• 1 Samuel 17:1a, 4-11, 19-23, 32-49; Psalm 9: 9-20; Mark 4:35-41 Mark 4: 26-34


n the name of God who creates life,

In the name of the Savior who loves life,

In the name of the Spirit who is the fire of life.


 As some of you know Kate and I have two dogs. There’s Carter, a coon hound mix. He’s lanky and tall, kind of like a beagle on stilts but built like a greyhound. The other is Tater. He’s a Feist, a type of terrier. He’s short, in fact about half of Carter’s height, and rather scrappy. The two of them get along like brothers and enjoy wrestling. It’s easy for Carter, being the tallest, to get the better of Tater when they wrestle. Tater, has though, developed a strategy to deal with Carter. They face off, teeth bared, but still playful, the bell rings and away they go. Tater runs underneath Carter from front to back…before Carter realizes what has happened Tater has turned around and bites on Carter’s leg.

You laugh…but that goes to show…we all love a good underdog story.

In today’s reading from Samuel we hear the ultimate underdog story, David defeating Goliath, with only his sling and five smooth stones for ammunition.

It’s worth going back to the scene of this epic battle. The Israelites and the Philistines had been facing off over this valley for quite some time. There were likely some skirmishes, but the writer of text points out the most unusual occurrence in this battle, twice a day the Philistine army has Goliath come out and taunt Saul and his army; Goliath, this massive warrior, standing somewhere between seven and ten feet tall. His armor and weaponry so heavy he needs an assistant to help carry it.

Can you imagine someone matching this description standing just outside the church daring us to come out and face them? We’d all be frozen in our tracks.

And then if the story doesn’t get odd enough, in comes David. He had a job to do, and it wasn’t to go out and fight Goliath…yet. He was still a shepherd and was moonlighting as armor bearer for Saul. He had a flock to tend to, and then would run supplies to the troops. We do know at this point though that David has stood out, as we read last Sunday of his anointing by Samuel to be the future king. But in this moment, in this battle, David is the shepherd boy that is far from being a soldier of the line, let alone king.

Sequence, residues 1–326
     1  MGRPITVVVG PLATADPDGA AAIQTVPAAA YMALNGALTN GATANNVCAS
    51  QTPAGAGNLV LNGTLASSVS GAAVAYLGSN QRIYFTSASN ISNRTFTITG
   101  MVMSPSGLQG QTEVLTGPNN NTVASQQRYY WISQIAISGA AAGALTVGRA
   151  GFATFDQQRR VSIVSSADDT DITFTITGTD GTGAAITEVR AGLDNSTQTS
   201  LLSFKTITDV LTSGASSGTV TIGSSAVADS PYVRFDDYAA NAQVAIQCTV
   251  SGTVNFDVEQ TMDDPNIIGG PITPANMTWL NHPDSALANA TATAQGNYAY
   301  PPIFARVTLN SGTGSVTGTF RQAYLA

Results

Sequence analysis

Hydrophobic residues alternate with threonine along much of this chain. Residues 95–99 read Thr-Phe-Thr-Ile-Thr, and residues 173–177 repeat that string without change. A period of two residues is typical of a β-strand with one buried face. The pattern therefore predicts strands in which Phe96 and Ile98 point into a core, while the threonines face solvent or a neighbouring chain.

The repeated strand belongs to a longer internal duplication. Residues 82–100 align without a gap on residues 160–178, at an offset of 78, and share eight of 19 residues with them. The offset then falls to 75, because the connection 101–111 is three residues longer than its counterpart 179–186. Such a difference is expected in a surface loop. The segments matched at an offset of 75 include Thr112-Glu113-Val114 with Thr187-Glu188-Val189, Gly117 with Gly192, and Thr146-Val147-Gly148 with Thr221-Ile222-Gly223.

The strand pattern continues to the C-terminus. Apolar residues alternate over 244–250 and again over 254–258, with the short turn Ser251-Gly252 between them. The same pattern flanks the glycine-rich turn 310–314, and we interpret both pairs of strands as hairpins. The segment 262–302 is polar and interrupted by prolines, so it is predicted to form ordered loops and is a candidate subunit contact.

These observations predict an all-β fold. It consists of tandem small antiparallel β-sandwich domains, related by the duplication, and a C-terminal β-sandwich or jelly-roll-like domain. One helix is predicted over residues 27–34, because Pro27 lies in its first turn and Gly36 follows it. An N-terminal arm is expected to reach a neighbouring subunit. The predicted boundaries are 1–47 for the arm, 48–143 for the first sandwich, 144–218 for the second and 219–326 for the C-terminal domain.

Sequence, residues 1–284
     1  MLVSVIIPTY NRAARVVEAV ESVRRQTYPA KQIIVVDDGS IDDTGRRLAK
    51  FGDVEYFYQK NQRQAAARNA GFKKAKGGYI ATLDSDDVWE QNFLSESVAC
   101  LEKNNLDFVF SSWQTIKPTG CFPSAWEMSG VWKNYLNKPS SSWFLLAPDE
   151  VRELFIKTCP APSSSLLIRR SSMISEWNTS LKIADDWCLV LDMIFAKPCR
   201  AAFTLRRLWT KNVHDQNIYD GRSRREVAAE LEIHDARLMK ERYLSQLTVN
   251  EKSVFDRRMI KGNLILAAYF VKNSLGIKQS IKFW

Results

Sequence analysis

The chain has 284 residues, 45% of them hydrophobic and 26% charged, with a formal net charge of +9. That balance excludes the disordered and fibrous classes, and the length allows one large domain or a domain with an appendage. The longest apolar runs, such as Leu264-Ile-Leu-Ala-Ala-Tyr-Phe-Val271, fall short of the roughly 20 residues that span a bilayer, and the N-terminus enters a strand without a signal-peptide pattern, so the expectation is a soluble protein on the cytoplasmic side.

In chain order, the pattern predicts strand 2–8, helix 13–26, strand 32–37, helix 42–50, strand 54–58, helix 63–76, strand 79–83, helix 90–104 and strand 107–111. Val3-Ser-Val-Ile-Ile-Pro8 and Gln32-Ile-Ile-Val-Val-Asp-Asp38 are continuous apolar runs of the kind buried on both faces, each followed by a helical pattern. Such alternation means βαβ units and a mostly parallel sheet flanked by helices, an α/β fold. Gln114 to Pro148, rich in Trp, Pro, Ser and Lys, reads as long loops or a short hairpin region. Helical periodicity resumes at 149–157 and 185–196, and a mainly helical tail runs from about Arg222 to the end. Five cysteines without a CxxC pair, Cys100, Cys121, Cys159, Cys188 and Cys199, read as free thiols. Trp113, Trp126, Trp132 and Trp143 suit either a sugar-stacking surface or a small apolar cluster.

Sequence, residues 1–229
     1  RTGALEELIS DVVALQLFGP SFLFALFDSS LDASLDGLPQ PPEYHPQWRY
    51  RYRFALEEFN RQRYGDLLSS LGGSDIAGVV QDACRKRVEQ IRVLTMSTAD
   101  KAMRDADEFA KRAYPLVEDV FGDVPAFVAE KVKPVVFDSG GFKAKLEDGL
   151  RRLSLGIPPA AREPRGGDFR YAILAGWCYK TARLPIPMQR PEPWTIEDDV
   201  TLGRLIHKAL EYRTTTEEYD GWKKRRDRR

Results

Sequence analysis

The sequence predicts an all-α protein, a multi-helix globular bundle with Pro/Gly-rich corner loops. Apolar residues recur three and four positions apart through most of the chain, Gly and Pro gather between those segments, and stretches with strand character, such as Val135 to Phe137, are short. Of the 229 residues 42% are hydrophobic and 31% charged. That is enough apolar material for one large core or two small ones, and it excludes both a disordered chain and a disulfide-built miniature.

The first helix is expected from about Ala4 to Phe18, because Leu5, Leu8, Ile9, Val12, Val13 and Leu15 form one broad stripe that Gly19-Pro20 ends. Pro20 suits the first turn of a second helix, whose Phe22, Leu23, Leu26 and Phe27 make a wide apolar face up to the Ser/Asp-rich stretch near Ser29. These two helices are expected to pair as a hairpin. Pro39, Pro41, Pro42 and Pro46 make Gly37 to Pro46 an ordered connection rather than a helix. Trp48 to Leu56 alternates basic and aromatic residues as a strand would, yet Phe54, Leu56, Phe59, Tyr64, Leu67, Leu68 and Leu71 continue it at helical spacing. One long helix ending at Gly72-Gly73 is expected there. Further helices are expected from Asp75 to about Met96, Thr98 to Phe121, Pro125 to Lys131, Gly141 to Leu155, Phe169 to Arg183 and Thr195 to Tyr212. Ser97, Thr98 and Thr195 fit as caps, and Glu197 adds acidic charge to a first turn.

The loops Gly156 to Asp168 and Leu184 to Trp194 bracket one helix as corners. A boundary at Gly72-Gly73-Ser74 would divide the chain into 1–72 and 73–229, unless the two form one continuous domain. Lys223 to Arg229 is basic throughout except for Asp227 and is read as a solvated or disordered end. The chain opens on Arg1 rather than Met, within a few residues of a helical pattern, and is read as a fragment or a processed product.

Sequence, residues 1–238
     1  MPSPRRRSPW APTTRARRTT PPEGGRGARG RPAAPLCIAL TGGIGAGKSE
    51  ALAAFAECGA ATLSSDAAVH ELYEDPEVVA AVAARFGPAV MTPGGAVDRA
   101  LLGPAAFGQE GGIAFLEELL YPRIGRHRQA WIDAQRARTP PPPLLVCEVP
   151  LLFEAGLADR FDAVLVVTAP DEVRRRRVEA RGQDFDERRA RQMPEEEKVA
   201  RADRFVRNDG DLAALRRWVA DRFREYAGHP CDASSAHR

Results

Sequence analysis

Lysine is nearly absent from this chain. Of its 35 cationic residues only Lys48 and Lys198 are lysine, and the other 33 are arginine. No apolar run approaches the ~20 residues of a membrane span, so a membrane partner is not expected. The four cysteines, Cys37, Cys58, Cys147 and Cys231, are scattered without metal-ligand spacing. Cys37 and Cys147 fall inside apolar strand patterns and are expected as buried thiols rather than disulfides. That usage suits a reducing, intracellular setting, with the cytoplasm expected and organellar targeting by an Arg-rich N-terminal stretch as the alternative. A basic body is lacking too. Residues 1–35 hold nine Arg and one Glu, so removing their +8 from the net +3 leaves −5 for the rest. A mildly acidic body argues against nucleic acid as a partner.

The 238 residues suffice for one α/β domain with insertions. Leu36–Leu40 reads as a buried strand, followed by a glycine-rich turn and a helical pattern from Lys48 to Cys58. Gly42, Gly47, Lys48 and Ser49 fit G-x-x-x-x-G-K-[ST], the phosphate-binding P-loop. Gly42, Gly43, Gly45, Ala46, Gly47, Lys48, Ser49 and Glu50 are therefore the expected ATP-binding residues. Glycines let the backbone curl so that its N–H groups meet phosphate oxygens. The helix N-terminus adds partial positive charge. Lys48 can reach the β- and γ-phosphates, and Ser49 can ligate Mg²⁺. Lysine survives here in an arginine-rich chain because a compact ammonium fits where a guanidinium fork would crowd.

As they are frozen there, facing this giant’s taunts and threats, David comes forward makes the bold claim “I can do it” “I can rid you of this meddlesome Philistine”.

The only thing that rang out louder than the taunts of Goliath in the valley that day was the laughter as David stumbled about in the armor, helmet and sword. But to do battle with the giant, David could not be untrue to whom he was or how he was called by God. He shed the armor and helmet, dropped the sword and marched off with a sling and five smooth stones.

He squares off against Goliath and Goliath launches into the challenges, taunts and a fair bit of ridicule directed to the diminutive Israelite, “Am I a dog, that you come to me with sticks?”[1] He views David as unworthy to approach for battle “Come to me, and I will give your flesh to the birds of the air and to the wild animals of the field.”[2]

And David retorts with what can only be called an epic level of trash talk to the giant! It might be seen as ego so big for such a small package, but when we take a closer look at David we see why he had such confidence to confront the warrior, and it wasn’t because he was anointed last week and was already making royal plans. If David only brought one stone to the fight that might be a little cocky, but in his satchel were five smooth stones.

Five smooth stones…

The vicar of St. Martin in the Fields in London, the Rev. Dr. Sam Wells, observed recently that we may better understand David if we look at those five stones metaphorically.

[1] “Proper 7, Year B,” accessed June 22, 2018, http://lectionarypage.net/YearB_RCL/Pentecost/BProp7_RCL.html.

[2] Ibid.

The first stone – David knew how and who to serve. He was a shepherd who cared deeply and passionately for the flock he was given responsibility for by his father. If a sheep was taken by a lion or bear he would track it down and rescue it, killing the predator if he had to, so the lost sheep could be returned. David saw the holy calling of service.

The second stone – The strength of God found in God’s creation. As a shepherd David knew the land, the streams, the forests; to use a bit of a cliché, he was at one with nature…he was aware of God in creation. This wisdom was tested when he took on the predators that threatened the flock, and again when the giant threatened the Israelites.

The third stone – David knew himself. He was aware of who he was, created in the image of God, and blessed with gifts and strengths that are uniquely his. His awareness was such that he refused to put on the armor of someone else and go only with the armor God had given him.

The fourth stone – David knew God was on the Israelites side. David approached the giant and made the bold statement “You come to me with sword and spear and javelin; but I come to you in the name of the Lord of hosts, the God of the armies of Israel, whom you have defied.”[1] David claimed the covenant, the promise of God to Israel. He did not make personal claims, or boast of the army, or even his own strength. He held up the promise of God and knew in his heart that the promise would hold.